Ukrainian President Petro Poroshenko on Tuesday launched an uphill battle for re-election, after five years in power marked by confrontation with Russia.
Opinion polls put him behind ex-prime minister Yulia Tymoshenko, who rose to international prominence in 2004 during the anti-corruption Orange Revolution demonstrations and announced her own run last week.
"This feeling of deep responsibility towards my country... prompted me to decide to run again for the office of president of Ukraine," Poroshenko told a rally in Kiev ahead of the March 31 poll.
Poroshenko asked voters for a mandate to "guarantee the process of European and Atlantic integration, to guarantee our independence, to renew the territorial integrity of Ukraine".
During a roughly 40-minute long speech he repeated calls for Ukraine to seek full membership of NATO and the European Union. Poroshenko's years in power have seen Kiev seek closer ties with the West as war rumbles on in eastern Ukraine against Russia-backed separatists.
Addressing roughly 1,000 people at the gathering of supporters, the Ukrainian president stressed the need for peace with Ukraine's powerful neighbour.
But the event at times took a combative tone, with huge screens blazing the slogan "Either Poroshenko or Putin" accompanied by pictures of the Ukrainian and Russian leaders.
Poroshenko said earlier this month that Russia would seek to interfere in Ukraine's election to destabilise the situation in the country.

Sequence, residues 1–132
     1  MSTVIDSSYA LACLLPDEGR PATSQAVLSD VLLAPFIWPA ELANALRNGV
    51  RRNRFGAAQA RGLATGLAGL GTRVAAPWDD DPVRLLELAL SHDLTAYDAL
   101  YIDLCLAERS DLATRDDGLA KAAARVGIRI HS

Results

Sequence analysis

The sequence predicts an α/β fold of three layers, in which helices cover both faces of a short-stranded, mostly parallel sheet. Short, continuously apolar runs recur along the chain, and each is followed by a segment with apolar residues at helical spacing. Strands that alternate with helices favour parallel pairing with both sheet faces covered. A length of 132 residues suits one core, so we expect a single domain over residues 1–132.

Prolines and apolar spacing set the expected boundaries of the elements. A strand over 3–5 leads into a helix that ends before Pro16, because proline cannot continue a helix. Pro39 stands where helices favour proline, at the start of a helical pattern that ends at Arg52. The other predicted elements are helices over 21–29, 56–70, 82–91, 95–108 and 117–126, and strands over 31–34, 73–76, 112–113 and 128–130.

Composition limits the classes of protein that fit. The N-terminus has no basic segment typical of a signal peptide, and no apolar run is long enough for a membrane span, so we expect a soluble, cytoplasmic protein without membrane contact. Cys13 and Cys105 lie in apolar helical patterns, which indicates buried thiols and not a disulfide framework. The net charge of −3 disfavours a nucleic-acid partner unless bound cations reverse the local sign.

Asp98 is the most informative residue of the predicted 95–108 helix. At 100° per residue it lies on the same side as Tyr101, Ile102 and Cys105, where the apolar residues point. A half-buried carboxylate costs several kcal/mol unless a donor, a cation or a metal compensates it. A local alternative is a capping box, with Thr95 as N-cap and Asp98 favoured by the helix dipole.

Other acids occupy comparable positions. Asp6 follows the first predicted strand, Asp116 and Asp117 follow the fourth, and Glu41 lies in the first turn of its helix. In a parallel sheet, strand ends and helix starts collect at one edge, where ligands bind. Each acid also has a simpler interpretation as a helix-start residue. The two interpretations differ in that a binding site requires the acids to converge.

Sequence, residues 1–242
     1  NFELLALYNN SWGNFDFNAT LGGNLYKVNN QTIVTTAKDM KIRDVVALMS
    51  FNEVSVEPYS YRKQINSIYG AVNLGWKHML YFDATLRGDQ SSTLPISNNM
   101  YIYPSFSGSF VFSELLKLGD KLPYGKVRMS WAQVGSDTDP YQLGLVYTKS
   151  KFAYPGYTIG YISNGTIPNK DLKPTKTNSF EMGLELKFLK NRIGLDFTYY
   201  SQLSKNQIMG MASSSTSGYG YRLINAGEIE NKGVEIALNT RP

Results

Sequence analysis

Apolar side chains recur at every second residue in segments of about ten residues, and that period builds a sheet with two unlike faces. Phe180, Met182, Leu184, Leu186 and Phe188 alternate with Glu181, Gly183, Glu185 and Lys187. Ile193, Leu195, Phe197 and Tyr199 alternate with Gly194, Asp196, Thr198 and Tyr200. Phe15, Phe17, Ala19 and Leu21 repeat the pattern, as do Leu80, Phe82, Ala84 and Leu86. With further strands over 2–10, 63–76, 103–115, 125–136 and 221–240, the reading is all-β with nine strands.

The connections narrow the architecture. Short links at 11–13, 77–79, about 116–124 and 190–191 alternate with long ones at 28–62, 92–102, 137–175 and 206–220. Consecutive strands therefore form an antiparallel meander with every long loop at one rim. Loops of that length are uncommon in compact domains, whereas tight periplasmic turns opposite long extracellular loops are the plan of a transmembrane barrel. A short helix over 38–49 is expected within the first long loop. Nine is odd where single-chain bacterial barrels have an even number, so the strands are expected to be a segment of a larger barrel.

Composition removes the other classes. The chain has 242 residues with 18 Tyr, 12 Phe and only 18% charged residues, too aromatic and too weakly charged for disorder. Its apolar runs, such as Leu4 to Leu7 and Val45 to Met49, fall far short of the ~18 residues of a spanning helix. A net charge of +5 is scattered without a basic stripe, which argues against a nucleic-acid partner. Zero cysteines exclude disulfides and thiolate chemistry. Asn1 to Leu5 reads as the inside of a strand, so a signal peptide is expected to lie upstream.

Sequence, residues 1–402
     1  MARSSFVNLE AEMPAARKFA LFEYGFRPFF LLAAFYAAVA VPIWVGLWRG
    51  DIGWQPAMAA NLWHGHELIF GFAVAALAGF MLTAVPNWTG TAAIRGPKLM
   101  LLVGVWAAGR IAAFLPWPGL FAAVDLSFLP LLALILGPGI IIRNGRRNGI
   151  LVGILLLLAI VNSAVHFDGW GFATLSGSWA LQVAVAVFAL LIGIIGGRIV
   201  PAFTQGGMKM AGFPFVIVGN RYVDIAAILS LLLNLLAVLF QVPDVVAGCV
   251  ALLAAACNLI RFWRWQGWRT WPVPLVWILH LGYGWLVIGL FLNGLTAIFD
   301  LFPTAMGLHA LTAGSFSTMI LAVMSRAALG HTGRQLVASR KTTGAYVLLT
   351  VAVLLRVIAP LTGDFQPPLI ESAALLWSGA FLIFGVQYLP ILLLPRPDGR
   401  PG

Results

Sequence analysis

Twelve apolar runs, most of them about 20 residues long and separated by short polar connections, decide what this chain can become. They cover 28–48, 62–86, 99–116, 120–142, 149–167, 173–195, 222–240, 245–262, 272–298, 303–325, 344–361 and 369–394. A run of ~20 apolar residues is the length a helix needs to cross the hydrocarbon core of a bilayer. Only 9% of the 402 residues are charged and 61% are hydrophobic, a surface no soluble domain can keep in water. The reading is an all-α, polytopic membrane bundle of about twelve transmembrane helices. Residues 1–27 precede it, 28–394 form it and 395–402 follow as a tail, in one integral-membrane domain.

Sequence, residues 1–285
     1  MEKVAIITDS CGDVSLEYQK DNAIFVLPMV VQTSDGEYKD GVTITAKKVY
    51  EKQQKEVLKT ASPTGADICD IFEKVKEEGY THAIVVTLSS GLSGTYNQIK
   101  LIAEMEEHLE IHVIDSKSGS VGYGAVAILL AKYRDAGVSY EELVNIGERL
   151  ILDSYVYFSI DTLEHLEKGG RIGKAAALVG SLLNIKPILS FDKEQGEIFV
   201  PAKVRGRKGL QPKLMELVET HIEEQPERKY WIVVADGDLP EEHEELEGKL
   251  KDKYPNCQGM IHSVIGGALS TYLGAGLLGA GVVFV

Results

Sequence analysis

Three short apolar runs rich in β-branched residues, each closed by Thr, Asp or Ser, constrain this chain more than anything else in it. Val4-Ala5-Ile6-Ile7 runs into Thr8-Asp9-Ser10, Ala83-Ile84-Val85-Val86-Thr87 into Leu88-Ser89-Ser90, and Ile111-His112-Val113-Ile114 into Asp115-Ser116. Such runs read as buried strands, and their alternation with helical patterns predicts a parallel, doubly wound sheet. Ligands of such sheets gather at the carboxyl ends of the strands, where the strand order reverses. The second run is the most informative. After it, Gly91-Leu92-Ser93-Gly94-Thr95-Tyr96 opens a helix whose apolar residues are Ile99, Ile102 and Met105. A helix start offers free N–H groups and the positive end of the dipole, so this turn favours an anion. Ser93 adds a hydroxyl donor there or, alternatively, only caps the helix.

Critics accuse him of not doing enough to tackle corruption, but on Tuesday he insisted the worst of the country's economic struggle was behind it, adding: "I hear a lot of harsh criticisms and I take that on board." In third place in opinion polls is Volodymyr Zelensky, a comedian who once played the role of president in a Ukrainian TV series but has no political experience.
No candidate has an unassailable lead, with Tymoshenko, Poroshenko and Zelensky polling on roughly 16, 14 and nine per cent respectively.
Poroshenko was elected in 2014 after his pro-Russian predecessor Viktor Yanukovych was ousted following a wave of popular protests.
The 53-year-old chocolate tycoon promised to pivot the ex-Soviet country of nearly 45 million people towards Europe and has sought to push through ambitious reforms.
But critics say graft is still rampant and Poroshenko has done little to rein in fellow oligarchs, even if the economy is showing signs of recovery following a recession.
Kiev's relationship with Moscow remains in dire straits. After the 2014 uprising, Moscow annexed Crimea and supported Russian-speaking separatists in the industrial east, in a conflict that according to the United Nations had killed 12,800 to 13,000 people as of the end of last year.
The war has been a huge burden for Ukraine's economy, with Poroshenko forced to rely on assistance from the West. In December the International Monetary Fund confirmed it would give Kiev a USD 4 billion, 14-month loan.
Poroshenko's low popularity ratings received a boost after he oversaw the creation of a Ukrainian Orthodox Church independent of Moscow. His standing also increased after Russia seized three of Kiev's navy vessels and two dozen sailors as they tried to pass from the Black Sea to the Sea of Azov in November.
Russia's Putin accused Poroshenko of provoking the naval crisis in a bid to increase his popularity ahead of the vote.
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